MS Access Database: Filter Data for a Report

A common technique that I use to make a more professional looking user interface for filtering data for a report in an MS Access database, is to create a form to ask for criteria for the report. One example would be a report that is used to show data for a particular time period.

Step 1
Create a query to feed data to the report. Add any necessary 
parameters (like the “between [start_date] and [end_date]” style) and test.

Step 2
Create the report, using the query from step 1 as the record 
source. Test the report thoroughly. Obviously, you will have to 
answer the parameter questions manually, one at a time.

Step 3
Create a form with a text box for the starting date and another 
text box for the ending date. Use the button wizard to add a 
button that will preview the report created in step 2.

Step 4
Change the parameters in the query to this style:

Between [forms]![myform]![txtStartDate] and [forms]![myform]![txtEndDate]

making sure you use the actual names for the form “myform” and the text boxes “txtStartDate” and “txtEndDate”.

That’s it. And, no VBA coding was required.

(you may need to put some code behind the button that will verify the values in the various fields before starting the report, this would require VBA – you could also use a combo box to collect data for the report criteria)

Richard Killey is a Computer Database Programmer specializing in MS Access database development. Visit http://www.databaselessons.com to read other articles of interest, and to download sample MS Access databases.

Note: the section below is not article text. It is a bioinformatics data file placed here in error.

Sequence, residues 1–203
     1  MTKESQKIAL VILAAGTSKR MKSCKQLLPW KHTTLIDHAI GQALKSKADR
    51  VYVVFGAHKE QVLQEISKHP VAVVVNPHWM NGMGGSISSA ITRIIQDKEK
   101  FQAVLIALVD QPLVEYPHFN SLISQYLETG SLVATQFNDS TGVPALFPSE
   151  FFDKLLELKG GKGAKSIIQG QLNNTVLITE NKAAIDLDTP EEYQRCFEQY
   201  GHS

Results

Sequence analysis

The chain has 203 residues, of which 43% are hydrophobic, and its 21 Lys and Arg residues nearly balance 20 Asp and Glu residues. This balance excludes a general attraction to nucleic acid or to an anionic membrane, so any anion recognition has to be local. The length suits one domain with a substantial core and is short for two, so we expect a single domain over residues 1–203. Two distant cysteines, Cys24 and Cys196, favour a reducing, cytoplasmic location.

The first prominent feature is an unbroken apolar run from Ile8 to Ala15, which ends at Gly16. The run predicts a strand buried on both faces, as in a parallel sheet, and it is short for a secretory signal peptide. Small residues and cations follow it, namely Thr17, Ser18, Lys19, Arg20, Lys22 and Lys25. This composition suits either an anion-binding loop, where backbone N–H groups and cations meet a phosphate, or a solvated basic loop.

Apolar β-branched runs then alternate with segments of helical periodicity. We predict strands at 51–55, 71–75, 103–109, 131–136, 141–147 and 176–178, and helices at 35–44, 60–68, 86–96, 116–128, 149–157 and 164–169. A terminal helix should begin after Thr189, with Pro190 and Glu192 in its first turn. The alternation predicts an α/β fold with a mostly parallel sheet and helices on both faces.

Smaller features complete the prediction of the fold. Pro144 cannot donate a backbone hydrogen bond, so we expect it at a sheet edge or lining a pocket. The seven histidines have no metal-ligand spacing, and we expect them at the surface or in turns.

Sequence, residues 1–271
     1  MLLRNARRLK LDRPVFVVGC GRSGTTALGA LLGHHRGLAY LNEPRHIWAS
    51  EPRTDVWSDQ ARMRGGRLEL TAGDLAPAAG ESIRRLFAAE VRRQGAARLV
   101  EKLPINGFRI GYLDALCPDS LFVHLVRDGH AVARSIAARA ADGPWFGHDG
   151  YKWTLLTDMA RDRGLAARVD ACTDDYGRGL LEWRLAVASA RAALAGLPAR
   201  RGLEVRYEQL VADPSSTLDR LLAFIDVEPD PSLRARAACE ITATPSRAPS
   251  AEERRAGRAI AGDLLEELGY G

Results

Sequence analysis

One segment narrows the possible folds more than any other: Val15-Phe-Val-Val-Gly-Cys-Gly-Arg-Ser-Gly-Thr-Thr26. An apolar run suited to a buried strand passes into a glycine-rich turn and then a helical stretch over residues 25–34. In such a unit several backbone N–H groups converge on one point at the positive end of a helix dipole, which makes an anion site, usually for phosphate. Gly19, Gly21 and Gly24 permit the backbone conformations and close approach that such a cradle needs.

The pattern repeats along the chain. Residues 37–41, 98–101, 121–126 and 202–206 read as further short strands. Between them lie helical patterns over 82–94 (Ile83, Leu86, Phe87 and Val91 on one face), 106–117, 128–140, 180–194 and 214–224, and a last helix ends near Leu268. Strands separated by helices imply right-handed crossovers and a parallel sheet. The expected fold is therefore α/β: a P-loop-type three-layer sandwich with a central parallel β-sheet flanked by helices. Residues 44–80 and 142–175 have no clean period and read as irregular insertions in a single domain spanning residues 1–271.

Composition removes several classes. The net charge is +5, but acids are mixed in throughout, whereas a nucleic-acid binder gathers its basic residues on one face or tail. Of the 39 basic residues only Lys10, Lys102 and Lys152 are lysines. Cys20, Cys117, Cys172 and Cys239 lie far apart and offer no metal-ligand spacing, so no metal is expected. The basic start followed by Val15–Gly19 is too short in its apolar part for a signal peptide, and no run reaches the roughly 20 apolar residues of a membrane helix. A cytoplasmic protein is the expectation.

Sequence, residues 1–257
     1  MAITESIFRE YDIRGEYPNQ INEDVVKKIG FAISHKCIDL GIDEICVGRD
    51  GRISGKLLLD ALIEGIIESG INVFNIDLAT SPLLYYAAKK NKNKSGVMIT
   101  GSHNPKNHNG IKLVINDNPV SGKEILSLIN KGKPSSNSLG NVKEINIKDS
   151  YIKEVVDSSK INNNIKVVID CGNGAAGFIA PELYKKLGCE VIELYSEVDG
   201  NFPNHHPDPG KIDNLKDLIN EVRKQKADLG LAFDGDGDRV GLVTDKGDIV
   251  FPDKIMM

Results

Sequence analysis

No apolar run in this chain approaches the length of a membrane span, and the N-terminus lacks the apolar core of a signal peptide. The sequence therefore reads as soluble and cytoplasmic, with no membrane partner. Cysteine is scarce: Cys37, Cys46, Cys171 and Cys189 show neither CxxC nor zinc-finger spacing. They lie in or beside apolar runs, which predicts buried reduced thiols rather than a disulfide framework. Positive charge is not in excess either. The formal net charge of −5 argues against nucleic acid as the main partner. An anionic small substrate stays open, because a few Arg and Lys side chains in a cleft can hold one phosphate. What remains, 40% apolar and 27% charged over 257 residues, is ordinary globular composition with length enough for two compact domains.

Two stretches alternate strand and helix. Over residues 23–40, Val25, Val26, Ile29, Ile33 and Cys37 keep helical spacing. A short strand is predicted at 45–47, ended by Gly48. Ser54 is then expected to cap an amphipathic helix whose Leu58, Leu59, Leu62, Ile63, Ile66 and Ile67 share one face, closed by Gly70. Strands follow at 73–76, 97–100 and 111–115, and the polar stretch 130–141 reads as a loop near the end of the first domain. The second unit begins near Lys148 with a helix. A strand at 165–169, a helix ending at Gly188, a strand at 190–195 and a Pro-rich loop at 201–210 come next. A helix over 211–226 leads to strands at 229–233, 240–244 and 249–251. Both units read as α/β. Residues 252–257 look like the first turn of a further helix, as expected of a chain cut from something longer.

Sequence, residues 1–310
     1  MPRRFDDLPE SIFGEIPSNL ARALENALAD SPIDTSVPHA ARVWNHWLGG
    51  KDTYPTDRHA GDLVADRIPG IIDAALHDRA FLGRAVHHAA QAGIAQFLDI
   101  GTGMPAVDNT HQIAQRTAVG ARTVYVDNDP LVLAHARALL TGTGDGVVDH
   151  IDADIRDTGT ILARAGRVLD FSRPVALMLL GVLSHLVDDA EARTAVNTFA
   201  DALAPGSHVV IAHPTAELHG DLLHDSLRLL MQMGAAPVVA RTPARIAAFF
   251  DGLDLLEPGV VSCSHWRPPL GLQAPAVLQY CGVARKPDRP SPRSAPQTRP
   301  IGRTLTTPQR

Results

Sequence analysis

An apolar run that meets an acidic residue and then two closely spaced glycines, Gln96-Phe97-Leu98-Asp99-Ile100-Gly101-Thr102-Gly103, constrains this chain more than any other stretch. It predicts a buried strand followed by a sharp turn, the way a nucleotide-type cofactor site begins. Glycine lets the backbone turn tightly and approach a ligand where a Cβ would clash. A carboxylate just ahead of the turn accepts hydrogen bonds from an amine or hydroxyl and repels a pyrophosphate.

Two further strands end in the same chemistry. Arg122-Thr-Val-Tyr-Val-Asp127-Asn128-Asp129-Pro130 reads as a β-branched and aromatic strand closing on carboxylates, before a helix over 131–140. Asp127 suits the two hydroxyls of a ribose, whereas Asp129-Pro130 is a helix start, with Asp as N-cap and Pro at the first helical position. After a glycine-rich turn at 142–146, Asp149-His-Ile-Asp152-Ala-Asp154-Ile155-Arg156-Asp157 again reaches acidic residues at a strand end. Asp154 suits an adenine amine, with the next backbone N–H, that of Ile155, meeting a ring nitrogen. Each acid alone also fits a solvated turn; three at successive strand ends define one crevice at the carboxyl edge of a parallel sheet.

Article Source: http://EzineArticles.com/?expert=Richard_Killey

This is the principle of how to use an Access Form as the parameter input instead of the direct and raw prompt that an Access Query provides.

If you are going to use a Form, it makes sense to have various controls to make this a more flexible input form (several parameter options) that makes this in essence a criteria search tool for a report.

If you do this however, you increase the likely hood of using either and Access Macro or VBA code to enhance and validate data entry values and control navigation.

The question you must ask to justify whether you stick with the standard ‘out of the box‘ Access Query prompt or opt for the richer but user-developed Access Form is “Are you going to be the sole user or will they be multiple users involved who are not so Microsoft Access savvy?


This entry was posted in Forms, Macros, MS Access, Queries, Reports, VBA and tagged , , , , . Bookmark the permalink.

One Response to MS Access Database: Filter Data for a Report

  1. Alex says:

    Hi!
    I was on the Microsoft website. The request – which is evoked – don’t seem to be told as needing to be created. And I am “familiar” now, to Access. So I had to repeat their proceeding, but without success.

    Your simple procedure in four steps speek to me. It appears that a request is necessary.
    I could repeat this, and will now see if this can be done in my databse with my instruction.

    For the fact that I could do your procedure: a great Thank you !

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